Parque Miramar, Canalones, UY

Retired judge working as arbitrator and mediator, also with a Masters in Counseling Psychology. Hobbies include woodworking, welding, flying (inactive commercial pilots license), hunting, fishing, motorcycle riding, skiing. Living in South America and relaxing and having fun.

Recent comments

Re: CPSC Drafting New Tablesaw Regulations

Manufacturers have, for years, been reluctant to add safety features to equipment. In the 1950s, the auto makers stated flately "The American public doesn't want safety", when discussing whether auto makers should install seat belts. Well, now we have not only seat belts but 3-pt. harnesses, padded dashes, reinforced A-pillars, anti-lock brakes and a whole host of other safety equipment. Also, please note that most of these safety features came about as a result of lawsuits filed against the auto makers. This has significantly dropped the number of severe injuries from auto accidents. Look at the safety features on household appliances. True, if the operator is careful, most "accidents" can be avoided. But unfortunately, when untrained people can purchase potentially dangerous merchandise/equipment, people get hurt. And the marketplace won't introduce safety features until somehow forced to do so. Lawsuits forced auto makers to improve the safety of cars. Now it looks like the same thing is happening to woodworking equipment. Thank god for trial attorneys.

Re: Man Wins Big Money in Tablesaw Lawsuit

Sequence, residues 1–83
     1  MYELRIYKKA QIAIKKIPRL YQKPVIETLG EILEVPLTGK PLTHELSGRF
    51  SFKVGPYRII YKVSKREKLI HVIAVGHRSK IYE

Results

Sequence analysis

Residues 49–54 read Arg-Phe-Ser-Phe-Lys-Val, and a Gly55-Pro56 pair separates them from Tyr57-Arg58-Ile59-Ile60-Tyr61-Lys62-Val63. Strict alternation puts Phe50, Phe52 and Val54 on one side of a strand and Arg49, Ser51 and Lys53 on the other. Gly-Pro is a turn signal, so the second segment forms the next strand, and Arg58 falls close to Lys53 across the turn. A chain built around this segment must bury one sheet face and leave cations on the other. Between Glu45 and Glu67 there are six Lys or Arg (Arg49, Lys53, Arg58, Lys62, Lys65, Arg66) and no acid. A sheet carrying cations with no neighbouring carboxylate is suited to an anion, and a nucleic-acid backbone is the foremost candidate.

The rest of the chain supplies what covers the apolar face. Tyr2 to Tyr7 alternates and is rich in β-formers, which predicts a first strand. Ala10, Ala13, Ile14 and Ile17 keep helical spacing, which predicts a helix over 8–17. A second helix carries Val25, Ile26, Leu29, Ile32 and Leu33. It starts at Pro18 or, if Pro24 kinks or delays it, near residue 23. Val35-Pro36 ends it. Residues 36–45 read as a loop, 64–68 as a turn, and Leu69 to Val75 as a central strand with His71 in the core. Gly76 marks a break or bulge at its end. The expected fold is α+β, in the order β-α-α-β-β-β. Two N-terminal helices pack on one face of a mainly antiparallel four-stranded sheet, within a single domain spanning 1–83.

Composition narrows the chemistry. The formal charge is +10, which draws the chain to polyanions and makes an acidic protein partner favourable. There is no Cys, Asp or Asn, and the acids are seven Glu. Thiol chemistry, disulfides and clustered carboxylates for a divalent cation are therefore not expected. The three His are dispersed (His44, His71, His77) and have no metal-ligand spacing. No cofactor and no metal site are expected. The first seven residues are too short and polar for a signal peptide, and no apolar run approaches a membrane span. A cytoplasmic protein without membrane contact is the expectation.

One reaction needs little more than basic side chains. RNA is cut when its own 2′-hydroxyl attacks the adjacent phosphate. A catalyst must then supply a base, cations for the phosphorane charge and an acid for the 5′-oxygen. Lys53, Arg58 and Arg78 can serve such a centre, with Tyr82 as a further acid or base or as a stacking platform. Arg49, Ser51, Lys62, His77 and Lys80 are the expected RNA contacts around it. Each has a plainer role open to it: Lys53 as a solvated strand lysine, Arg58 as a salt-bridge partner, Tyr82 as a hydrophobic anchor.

Here is my two cents worth. For years auto manufacturers refused to incorporate safety features in automobiles. Detroit's answer was always "the American people don't want safety features". The American public now gets in every car seat belts, shoulder harnesses, padded dashes, collapsible steering wheels, ABS brakes, roll-over protection and a whole host of other safety features, each one directly traceable to one or more lawsuits brought by these same bottom-feeding attorneys everybody is castigating. Your kitchen appliances are shock-proof because some attorney brought a lawsuit against a manufacturer who failed to adopt available safety technology. Everybody in this country has benefited from lawsuits brought against manufacturers who failed (or refused) to adopt available safety features on their products. Look at what's happening to Toyota right now. Toyota is accused of sticking their head in the sand and in pursuit of profits ignoring a safety defect in their electrical system. It's great to say the market place will require manufacturers to produce safer products but the reality is, proven time and time again, that many manufacturers will pursue profits at the expense of the buying public. We can stop the attorneys from pursuing their campaigns for a "safer" America and suffer the consequences. I am all for personal responsibility but I am also in favor of demanding that manufacturers present me with the safest choices...and adopt the state-of-the-art technology to provide me with both safe and efficient products. A balance is called for. As has been pointed out, we have to accept responsibility for our own conduct. Also remember, it was a jury that made this decision, not an attorney. If you want to blame the jury for having been deluded by some smooth-talking barrister, remember that our national elections demonstrate that about half the people are deluded by the person you didn't vote for.

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